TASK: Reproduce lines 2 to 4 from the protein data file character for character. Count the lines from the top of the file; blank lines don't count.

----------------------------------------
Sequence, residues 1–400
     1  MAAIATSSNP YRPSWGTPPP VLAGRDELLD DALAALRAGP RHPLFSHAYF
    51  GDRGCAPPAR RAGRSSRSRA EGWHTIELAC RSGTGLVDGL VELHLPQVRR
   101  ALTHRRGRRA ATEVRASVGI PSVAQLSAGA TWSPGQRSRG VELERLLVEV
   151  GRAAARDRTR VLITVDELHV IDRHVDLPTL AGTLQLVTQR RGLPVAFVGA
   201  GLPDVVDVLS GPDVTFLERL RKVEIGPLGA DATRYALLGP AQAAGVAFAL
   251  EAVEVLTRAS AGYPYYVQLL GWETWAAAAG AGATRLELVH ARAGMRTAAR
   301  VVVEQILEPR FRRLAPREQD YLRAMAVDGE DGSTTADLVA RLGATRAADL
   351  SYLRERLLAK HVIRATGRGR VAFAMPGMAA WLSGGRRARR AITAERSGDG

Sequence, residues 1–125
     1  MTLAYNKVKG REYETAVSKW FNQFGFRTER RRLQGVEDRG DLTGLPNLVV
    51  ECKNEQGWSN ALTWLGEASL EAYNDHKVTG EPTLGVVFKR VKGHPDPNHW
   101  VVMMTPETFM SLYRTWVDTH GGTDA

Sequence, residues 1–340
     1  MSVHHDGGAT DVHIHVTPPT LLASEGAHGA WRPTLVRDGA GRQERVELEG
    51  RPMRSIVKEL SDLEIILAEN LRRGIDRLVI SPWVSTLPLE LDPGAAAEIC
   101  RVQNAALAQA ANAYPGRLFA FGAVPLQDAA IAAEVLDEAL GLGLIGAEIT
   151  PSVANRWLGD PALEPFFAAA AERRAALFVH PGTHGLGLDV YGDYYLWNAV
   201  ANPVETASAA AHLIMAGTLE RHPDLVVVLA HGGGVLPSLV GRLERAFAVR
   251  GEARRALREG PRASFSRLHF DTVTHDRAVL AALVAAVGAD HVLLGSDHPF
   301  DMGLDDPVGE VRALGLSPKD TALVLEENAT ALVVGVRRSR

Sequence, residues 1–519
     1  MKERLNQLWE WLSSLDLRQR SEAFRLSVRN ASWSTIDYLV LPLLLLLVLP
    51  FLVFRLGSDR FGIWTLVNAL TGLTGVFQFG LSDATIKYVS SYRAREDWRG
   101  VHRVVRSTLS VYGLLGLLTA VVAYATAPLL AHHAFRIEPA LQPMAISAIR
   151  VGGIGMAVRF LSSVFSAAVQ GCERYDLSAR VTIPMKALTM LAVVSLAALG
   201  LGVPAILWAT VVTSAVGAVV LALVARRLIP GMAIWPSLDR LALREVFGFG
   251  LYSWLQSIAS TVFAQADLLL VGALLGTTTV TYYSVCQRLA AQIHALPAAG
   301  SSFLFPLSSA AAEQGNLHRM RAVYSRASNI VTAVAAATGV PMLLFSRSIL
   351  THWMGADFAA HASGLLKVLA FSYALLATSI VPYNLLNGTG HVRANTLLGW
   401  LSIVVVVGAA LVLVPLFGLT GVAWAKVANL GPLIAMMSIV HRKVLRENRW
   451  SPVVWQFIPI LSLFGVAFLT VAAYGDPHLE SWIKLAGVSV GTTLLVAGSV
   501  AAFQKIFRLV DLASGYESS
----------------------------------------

     1  MAAIATSSNP YRPSWGTPPP VLAGRDELLD DALAALRAGP RHPLFSHAYF
    51  GDRGCAPPAR RAGRSSRSRA EGWHTIELAC RSGTGLVDGL VELHLPQVRR
   101  ALTHRRGRRA ATEVRASVGI PSVAQLSAGA TWSPGQRSRG VELERLLVEV